Monday, April 29, 2013

Tobacco Road Half Marathon Race Recap

My new shoes from Disney!  They solved my foot pain!  The race was pain free!  When I got home, I was so pumped to run again.

And then it came back.  New shoes, same pain in my foot.  Damn.  I got an appointment with an orthopedic doctor, but I couldn't get in until after the Tobacco Road Half.  So, I skimped on training (who wants to run 20ish miles per week when it's painful and when it's cold out?) and kind of fought through.  Then, as a last effort for TR to not go terrible, I bought KT Tape and taped myself up.  I told myself "even if it really hurts, I'll just tell myself, this pain is temporary and a PR will outlast it!"

Spoiler alert: It didn't work.

Marissa and I foud the 2:10 pacers and decided we would try to stick with them for at least the first half of the race, and our first two miles clocked in sub-10:00 pace... but only 2 miles in the pain in my feet was so severe I *had* to stop and walk and stretch.  My third mile, betwen stretching and walking, clocked in on my Garmin at over 13:00 minutes.  Not a good look.

I ran/walked from miles 3-4.  I saw Scott around mile 4 and wanted to cry.  I thought about quitting.  Luckily, soon after that I started to feel better.  That is the weird thing about my foot pain - it flare somewhere between mile 1 and mile 2, but if I stop to walk and stretch for a good while, then I can continue running -- relatively pain free.  What is that about?

Anyway, once my pain subsided (around mile 4-5) I was able to keep a decent pace... not great, but decent.  I think I could have pushed harder, but I knew there was no way I could PR, so it was hard to stay super motivated to push through.  It was an out and back course with a turn around exactly at the halfway point, and my next three miles (4-6) were almost exactly at 10:30 pace.  On the turn around, I picked it up a bit (10:21), and then mile 8 was pretty hilly so that slowed me down (10:40).

Around that time I started to think about what a realistic finishing goal could be.  I reall didn't want to PW (personal worst), which meant beating 2:27, and at the same time a PR (sub 2:13) was out of sight.  I settled on sub 2:20 as my goal, and perked up in mile 9 after the hill (10:05 pace).  Then, my knee started to hurt for miles 10-11... stupid tendonitis!  Those miles were relatively slow (10:36 and 10:55), but I was pretty sure I could still come in sub 2:20.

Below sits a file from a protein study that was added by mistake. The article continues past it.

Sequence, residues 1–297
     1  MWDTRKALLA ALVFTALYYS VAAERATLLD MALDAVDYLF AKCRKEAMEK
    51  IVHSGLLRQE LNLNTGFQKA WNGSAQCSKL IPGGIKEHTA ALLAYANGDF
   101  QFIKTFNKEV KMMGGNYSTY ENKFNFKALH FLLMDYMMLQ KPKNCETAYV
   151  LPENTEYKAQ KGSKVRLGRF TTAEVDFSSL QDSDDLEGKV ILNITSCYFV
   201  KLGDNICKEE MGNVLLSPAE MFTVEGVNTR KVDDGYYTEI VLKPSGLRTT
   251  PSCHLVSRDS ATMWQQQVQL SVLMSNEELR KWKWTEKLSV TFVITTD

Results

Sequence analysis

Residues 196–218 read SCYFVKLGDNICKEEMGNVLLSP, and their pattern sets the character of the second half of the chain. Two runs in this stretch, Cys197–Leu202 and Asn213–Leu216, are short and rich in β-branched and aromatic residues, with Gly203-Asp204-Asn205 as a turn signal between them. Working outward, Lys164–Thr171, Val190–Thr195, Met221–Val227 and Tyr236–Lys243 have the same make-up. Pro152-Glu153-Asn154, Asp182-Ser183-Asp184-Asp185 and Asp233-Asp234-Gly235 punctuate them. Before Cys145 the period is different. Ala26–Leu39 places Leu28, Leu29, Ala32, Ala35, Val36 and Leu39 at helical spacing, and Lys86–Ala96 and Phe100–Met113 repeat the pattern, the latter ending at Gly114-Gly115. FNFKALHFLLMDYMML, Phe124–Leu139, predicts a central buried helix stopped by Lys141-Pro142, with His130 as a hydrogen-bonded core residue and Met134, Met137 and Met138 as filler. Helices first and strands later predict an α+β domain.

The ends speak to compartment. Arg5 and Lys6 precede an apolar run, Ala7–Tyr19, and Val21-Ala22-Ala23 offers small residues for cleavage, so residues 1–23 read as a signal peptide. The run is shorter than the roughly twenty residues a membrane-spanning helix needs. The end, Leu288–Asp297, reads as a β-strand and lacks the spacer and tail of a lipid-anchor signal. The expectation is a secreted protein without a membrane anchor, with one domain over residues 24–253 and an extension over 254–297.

I started to really push myself in mile 12 and clocked in at 10:09.  My knee was still hurting, but I was able to push it out of my mind and just focus on running the best I could.  During mile 13 we were turning back into the park, so there were more spectators, and I was able to speed up (9:41).  I'm pretty good about really pushing at the end of races, so my last 0.1 (or, according to Garmin, 0.2) was at 8:19 pace.

I ended up finishing in 2:18:39, around 6 minutes short of a PR.  Pretty good considering at least one mile took me over 13:00 and I was in pain/injured!
finished half marathon #4!
new medal!
After the race, I showered and then put on my race shirt and medal to meet some friends out for St. Patrick's Day festivities.
well deserved Bloody Mary
So, although I personally did not have a good race, I will say that I mostly liked it and would recommend it to others.  It's relatively small and running on the trail is nice.  It's flat (other than a bit of an uphill at mile 8) so it's a great course to try and PR on (Marissa KICKED ASS, but I'll let her tell her own story if she wants to blog about it!).  The post-race celebration was great - free beer and pizza (and oranges/bread/etc.).  On the flip side, since it's out and back there are relatively few spectators which makes it less exciting of a race.

After the intense pain of the race, I decided I REALLY needed to do something.  On Monday I got a sports massage and was able to talk with the massage therapist for a while about what she thought was going on and what types of stretches/exercises would be helpful.  I also had my appointment with an ortho doctor, who was unfortunately useless (I won't even bother going into that), but afterwards I was able to talk with a friend who is a physical therapist here and he referred me to a friend who was a physical therapist and marathon runner.  Unfortunately her first available appointment was nearly 4 weeks later, but I put it on my calendar and tried to follow the massage therapist's advice in the meantime.  I'll save my post about what's wrong with me according to who / etc. for another day!

Friday, April 26, 2013

Nike Women's Half Marathon Goals

I'm running the Nike Women's Half Marathon on Sunday, so I figured I would put my goals out there for all to see.

My dream would be to run sub 2:10.  This is around 9:55 pace, which is probably pushing it for me, but maybe race adrenaline, etc., will make it possible.  I would be ECSTATIC.

If that doesn't happen, I would so love to beat 2:13:14 and PR.  That would mean running even a few seconds faster than 10:10 pace.  I think if I'm feeling good, I can pull that out.  We'll see.

If I can't PR, I think I would like to finish in under 2:20, or under 2:18:39 (my Tobacco Road time), because although I am still injured, I was able to run 2:18:39 at Tobacco Road and I am hopeful that I can at least do that.